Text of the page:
Glenn Milne gone from News? The automated email response from News Limited gallery hack Glenn Milne delivered the news: “Please be advised that as of the 13/03/2010 I no longer work for News Limited Sunday Papers, I still work for The Australian.” Milne is directing correspondents to a Gmail account, presumably because his role at News is now as Australian column contributor only.
So what’s happened? The veteran Canberra reporter had been dishing the political dirt for the Sunday tabloids — including The Sunday Telegraph, The Sunday Herald Sun and The Sunday Mail (Brisbane and Adelaide) — catching Kevin Rudd at a New York strip club, and swearing at MPs, exposing Greg Combet’s love life, uncovering Jan McLucas’ travel rorts and other salacious scoops prowling the halls of parliament house on Saturdays. It seems all that digging got too tiresome for the man Paul Keating dubbed the ‘The Poison Drawf’ (and that was before his celebrated run-in with Crikey founder Stephen Mayne at the 2006 Walkley Awards). Milne couldn’t be reached for comment.
Crikey understands News stable journo Simon Kearney last week announced to a shocked News Limited press suite he would now be filing for the Sunday titles. Representatives from News Limited didn’t respond to questions by deadline. — Jason Whittaker
CLARIFICATION: An original report wrongly included reference to The Age journalist Shaun Carney. Crikey confused the names — Carney has no involvement with News Limited and we apologise for the error.
Kim’s ABC conflict: Foxtel boss Kim Williams took another swipe at the ABC’s plans for a news channel yesterday at the annual knees-up for the subscription TV industry in Sydney. According to AAP, Williams questioned how the proposed new channel fitted within the ABC’s charter and expressed doubts about how it would be funded exclusively from internal savings:
“The charter actually requires of the ABC that it take account of the broadcasting landscape and that it act in a complimentary sense with that landscape. These things require accountability — not just because it is frustrating to me, but because it requires accountability at law.”
Williams made the point the ABC service would only go to 37% of the population (because the ABC will use its HD-only channel) — strange given Foxtel’s penetration is only just over 30%, and he’s a much bigger broadcaster. The ABC has said its channel will start modestly and be a niche player, much in the way Foxtel and all its channels are broadcasting niche players.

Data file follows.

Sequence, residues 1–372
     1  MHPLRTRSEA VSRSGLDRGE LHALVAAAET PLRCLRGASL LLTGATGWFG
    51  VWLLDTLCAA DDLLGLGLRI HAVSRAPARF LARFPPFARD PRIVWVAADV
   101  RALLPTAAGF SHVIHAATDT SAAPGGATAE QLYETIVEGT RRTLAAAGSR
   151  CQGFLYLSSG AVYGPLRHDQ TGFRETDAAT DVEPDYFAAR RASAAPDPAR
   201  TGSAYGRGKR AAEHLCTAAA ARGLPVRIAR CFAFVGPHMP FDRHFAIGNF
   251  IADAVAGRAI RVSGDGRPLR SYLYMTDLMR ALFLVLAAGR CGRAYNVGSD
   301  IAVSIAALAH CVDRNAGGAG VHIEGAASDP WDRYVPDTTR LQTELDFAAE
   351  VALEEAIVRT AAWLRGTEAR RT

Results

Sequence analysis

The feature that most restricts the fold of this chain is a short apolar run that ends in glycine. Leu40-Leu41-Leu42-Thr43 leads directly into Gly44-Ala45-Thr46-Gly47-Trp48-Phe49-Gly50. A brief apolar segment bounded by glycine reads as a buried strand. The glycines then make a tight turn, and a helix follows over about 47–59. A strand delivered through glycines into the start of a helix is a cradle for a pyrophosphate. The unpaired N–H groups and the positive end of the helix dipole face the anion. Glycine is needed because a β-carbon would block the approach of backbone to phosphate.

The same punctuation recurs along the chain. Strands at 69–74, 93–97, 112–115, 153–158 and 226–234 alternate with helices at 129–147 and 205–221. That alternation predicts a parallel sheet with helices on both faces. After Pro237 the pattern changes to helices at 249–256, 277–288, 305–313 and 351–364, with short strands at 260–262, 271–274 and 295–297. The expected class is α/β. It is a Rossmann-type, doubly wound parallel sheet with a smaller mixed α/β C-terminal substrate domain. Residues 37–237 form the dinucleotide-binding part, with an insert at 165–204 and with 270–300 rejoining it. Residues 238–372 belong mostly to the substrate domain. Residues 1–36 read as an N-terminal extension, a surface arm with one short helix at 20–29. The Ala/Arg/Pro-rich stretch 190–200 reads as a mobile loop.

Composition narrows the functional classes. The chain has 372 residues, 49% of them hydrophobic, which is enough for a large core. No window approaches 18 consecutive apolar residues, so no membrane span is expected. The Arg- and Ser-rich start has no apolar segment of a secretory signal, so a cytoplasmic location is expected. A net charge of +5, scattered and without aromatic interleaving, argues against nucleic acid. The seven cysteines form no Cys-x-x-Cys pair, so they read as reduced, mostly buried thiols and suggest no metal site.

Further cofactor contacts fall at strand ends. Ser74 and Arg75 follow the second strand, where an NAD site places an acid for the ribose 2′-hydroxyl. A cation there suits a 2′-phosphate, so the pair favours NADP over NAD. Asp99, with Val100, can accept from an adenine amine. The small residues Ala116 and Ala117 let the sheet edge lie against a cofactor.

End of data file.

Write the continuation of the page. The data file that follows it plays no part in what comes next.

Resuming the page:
And his comments on the ABC charter are intriguing. Not many people realise Williams is an expert the subject — he was appointed in 1991 to be the ABC’s GM of subscription services, where he started a pay TV news channel which was later closed after failing. The question has to be asked whether Williams raised his points about his pay TV news service and the ABC charter with then ABC management, led by mate David Hill? He must have reassured himself there was no problem. (Ken Inglis’ book Whose ABC has the history of Williams’ involvement.)
Williams is a pioneer of substantive pay TV in this country, and unlike a lot of others (such as Steve Cosser at Australis) he proved himself a clever and talented empire creator and builder. Foxtel’s success is testimony to that ability. So why doesn’t Williams mention his involvement with the aborted ABC pay TV news ambitions in the 1990s when he’s now attacking the latest plans? — Glenn Dyer
CLARIFICATION: An original report wrongly included a reference to Joe Skrzynski as an ABC board member. Skrzynski in fact sits on the SBS board. Crikey apologises for the error.
Rupert’s first shot: The Times to go behind the wall
“The start of the Times Online paywall is imminent, with a special preview about to launch.” —The Guardian
Palin reality show a TV hot property
“Two cable networks are bidding on the reality show Sarah Palin is pitching about Alaska.” — Los Angeles Times
Internet piracy takes big toll on jobs
“Plenty of people download music from the internet every day, but illegal downloading has a huge economic impact and could put more than one million people out of work by 2015, experts say.” — Sydney Morning Herald
Playboy bunny cute enough for kids?
“Young viewers of children’s television programs in North Carolina got a glimpse of something far more risqué than their favourite cartoons when a cable glitch broadcast two hours of the Playboy channel.” — The Australian